Philippines communist insurgency

Duterte and rebels express willingness to resume peace talks

The leader of the communist party of the Philippines has followed in Philippine President Rodrigo Duterte's footsteps and reaffirmed his commitment to the country's stuttering peace process

April 4, 2018

The leader of the communist party of the Philippines has followed in Philippine President Rodrigo Duterte’s footsteps and reaffirmed his commitment to the country’s stuttering peace process

Communist activists carrying flags march along a road during a protest in Manila, Philippines Photo: Mark R. Cristino / EPA-EFE

The leader of the communist party of the Philippines Jose Maria Sison announced on Tuesday that negotiators from the political arm of his rebel grouping were ready to resume peace talks with Philippine President Rodrigo Duterte’s administration, after the Philippine leader appeared to leave the door open for a return to the negotiating table during a speech he made earlier that day.
“If [the government is] willing, then the National Democratic Front of the Philippines (NDFP) is also willing and ready to negotiate with them,” Sison said in a statement on Tuesday, before blaming the government and the Philippine military for “interrupting, delaying and even repeatedly terminating the peace negotiations” by pushing NDFP members away from the negotiating table.
Sison’s statement followed a speech made by Duterte earlier on Tuesday, in which the Philippine leader appeared to extend an olive branch to the rebels, less than six months after he abruptly brought an end to the most recent round of peace talks.
“You know, we are not enemies. Even if I want to fight, my heart tells me that I am killing my fellow Filipinos. But the problem is you are doing the same. I want to talk peace with you,” Duterte was quoted by the Philippine Star as saying during an agriculture event in Bongabong.
Finding a peaceful resolution to the country’s decades-long conflict with the communists has been one of Duterte’s key objectives since assuming the presidency in 2016, a goal he seemingly made significant strides towards achieving last April, when government troops and rebels agreed to a temporary cease-fire during talks held in the Netherlands.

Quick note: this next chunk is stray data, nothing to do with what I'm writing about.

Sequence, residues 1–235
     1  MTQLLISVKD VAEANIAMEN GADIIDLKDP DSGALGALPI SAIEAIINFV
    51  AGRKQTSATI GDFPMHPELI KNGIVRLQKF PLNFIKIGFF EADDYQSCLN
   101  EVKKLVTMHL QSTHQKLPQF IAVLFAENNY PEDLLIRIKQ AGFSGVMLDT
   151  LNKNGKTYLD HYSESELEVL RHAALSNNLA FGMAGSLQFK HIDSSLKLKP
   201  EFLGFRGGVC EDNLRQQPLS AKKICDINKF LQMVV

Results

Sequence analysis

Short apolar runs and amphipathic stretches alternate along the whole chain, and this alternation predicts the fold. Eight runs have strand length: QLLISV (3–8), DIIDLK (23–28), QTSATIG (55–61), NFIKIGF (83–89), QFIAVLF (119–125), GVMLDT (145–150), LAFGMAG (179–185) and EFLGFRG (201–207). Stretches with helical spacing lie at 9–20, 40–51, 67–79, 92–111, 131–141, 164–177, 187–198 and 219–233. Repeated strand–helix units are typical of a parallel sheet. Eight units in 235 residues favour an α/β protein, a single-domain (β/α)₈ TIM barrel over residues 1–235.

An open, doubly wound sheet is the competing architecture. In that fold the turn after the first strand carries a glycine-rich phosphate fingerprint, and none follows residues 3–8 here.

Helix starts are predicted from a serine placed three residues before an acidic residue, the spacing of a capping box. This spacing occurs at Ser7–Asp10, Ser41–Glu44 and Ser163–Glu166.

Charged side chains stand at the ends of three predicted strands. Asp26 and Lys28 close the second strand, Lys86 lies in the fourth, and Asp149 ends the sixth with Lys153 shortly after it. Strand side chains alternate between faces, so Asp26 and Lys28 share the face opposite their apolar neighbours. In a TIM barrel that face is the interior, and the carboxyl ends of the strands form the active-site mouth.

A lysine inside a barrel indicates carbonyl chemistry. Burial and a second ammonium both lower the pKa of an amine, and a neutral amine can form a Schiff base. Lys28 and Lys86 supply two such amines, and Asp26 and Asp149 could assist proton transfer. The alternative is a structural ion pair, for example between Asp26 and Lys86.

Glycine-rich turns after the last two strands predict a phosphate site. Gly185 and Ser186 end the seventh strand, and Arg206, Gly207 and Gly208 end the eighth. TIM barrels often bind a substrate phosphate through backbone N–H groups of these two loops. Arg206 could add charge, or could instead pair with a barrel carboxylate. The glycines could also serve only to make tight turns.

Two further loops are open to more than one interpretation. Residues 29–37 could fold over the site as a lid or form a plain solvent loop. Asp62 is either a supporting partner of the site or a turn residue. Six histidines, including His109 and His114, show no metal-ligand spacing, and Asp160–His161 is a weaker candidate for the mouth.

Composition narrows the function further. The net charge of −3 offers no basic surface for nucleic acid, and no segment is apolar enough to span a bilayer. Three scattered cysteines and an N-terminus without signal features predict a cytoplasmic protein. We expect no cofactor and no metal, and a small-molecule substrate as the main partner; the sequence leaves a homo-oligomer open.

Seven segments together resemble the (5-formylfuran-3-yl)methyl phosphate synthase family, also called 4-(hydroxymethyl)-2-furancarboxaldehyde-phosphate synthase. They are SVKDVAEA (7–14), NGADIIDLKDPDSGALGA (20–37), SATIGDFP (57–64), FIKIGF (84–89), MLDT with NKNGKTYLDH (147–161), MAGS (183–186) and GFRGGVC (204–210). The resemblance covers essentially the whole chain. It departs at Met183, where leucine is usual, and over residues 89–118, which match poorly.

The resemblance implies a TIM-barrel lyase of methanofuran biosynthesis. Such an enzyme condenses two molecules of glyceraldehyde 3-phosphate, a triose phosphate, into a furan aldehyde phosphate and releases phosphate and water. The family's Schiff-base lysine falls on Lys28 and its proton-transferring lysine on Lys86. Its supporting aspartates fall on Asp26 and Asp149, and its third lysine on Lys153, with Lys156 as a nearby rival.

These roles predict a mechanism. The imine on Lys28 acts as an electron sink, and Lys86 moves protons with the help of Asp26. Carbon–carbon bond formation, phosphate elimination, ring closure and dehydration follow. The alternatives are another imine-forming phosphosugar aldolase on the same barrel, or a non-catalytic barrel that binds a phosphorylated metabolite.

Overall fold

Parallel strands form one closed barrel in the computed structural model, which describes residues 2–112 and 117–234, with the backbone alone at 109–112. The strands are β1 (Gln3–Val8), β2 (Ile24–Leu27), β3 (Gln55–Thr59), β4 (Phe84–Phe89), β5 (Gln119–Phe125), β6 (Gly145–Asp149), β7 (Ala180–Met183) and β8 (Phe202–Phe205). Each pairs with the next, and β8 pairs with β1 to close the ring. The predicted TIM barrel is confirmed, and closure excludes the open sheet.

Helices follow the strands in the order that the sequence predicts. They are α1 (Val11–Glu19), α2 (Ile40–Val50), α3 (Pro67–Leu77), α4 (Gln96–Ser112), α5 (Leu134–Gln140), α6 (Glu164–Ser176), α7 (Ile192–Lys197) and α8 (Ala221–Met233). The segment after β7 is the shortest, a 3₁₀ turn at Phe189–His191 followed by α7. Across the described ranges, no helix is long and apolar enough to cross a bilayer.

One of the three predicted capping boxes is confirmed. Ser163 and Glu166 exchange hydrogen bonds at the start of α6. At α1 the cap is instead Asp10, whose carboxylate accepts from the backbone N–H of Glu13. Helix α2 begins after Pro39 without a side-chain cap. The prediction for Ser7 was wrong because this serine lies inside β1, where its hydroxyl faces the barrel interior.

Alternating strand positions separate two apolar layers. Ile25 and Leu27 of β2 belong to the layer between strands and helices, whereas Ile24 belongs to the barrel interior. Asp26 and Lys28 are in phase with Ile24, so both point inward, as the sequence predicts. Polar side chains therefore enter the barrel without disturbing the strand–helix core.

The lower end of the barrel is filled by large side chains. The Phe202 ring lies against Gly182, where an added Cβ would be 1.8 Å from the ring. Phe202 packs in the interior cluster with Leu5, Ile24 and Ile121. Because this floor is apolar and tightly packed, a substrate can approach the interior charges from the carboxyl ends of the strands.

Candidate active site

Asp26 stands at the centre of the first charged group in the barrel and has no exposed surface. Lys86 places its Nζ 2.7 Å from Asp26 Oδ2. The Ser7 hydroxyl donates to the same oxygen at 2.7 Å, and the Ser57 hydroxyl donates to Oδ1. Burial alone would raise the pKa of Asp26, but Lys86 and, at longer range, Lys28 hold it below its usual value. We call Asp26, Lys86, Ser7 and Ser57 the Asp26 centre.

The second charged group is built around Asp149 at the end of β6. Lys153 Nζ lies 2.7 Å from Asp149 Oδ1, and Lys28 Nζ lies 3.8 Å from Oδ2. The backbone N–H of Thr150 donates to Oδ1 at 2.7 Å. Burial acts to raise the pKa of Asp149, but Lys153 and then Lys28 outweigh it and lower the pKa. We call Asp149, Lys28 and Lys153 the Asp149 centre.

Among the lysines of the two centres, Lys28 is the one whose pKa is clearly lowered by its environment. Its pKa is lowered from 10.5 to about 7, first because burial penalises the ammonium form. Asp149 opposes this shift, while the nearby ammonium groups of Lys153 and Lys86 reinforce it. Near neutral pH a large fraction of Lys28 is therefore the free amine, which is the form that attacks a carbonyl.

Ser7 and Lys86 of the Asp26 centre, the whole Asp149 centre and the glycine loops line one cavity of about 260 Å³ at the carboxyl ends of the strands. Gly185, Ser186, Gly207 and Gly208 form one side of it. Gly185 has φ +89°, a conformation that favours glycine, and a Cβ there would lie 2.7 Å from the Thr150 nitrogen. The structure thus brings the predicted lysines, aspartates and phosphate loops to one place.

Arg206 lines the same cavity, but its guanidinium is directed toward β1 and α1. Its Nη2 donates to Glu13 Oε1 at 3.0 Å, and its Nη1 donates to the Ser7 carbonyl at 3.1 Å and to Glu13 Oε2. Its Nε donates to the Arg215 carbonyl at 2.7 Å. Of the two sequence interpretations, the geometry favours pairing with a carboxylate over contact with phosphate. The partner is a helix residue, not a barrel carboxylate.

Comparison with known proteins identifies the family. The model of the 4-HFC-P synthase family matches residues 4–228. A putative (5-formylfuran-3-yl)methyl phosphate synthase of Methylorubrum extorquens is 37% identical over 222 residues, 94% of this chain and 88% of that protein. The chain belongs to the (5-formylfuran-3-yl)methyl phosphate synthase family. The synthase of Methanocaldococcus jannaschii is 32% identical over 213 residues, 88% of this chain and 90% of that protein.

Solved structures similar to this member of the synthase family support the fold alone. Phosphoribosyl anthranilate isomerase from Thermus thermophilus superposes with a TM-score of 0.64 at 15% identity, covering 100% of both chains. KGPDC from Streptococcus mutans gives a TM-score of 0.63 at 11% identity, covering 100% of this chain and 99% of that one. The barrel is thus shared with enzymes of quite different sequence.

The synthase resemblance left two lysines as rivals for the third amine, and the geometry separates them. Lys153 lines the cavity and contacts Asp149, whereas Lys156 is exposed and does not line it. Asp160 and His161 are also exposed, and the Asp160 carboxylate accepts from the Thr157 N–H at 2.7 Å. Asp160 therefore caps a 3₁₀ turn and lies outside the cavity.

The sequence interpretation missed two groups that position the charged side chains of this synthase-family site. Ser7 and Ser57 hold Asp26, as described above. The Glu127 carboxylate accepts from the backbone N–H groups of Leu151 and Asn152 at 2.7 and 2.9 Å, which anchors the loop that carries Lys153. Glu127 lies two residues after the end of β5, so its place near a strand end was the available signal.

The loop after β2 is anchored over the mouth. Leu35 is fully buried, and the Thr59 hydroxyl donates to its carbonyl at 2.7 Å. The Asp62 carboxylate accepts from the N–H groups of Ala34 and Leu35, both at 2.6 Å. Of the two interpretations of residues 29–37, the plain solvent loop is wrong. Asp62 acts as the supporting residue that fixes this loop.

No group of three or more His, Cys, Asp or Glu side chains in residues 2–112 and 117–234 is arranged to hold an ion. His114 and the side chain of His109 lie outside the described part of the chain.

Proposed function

At the time, government negotiator Jesus Dureza told the New York Times that previous talks had “never gone this far” and that he was increasingly confident that hostilities would soon come to an end.
Hopes of a speedy resolution to the conflict, however, were soon dashed.
In November, Duterte was moved to terminate negotiations after a 4-month-old baby girl and her family were killed in Talakag town by stray bullets during a rebel ambush of a nearby police car.
In a statement at the time, Duterte asserted that the country’s communist party “failed to show its sincerity and commitment in pursuing genuine and meaningful peace negotiations as it engaged in acts of violence and hostilities.”
That same day, 15 communist guerrillas were killed in a clash with Philippine troops just south of Manila.
Since then, Duterte has said that female rebels should be shot in the genitals to render them “useless”, offered a $384 bounty for each communist rebel killed, and asked a local court to declare the Communist Party of the Philippines (CPP) and its armed wing, the New People’s Army (NPA), “terrorist” bodies.
His latest overture to the rebels was advanced on the condition that they agreed to a cease-fire, stopped collecting revolutionary taxes and abandoned their proposal for the creation of a “coalition government”.
Negotiations between the government and the communist rebels have been on and off since Norway first brokered talks in 1986.

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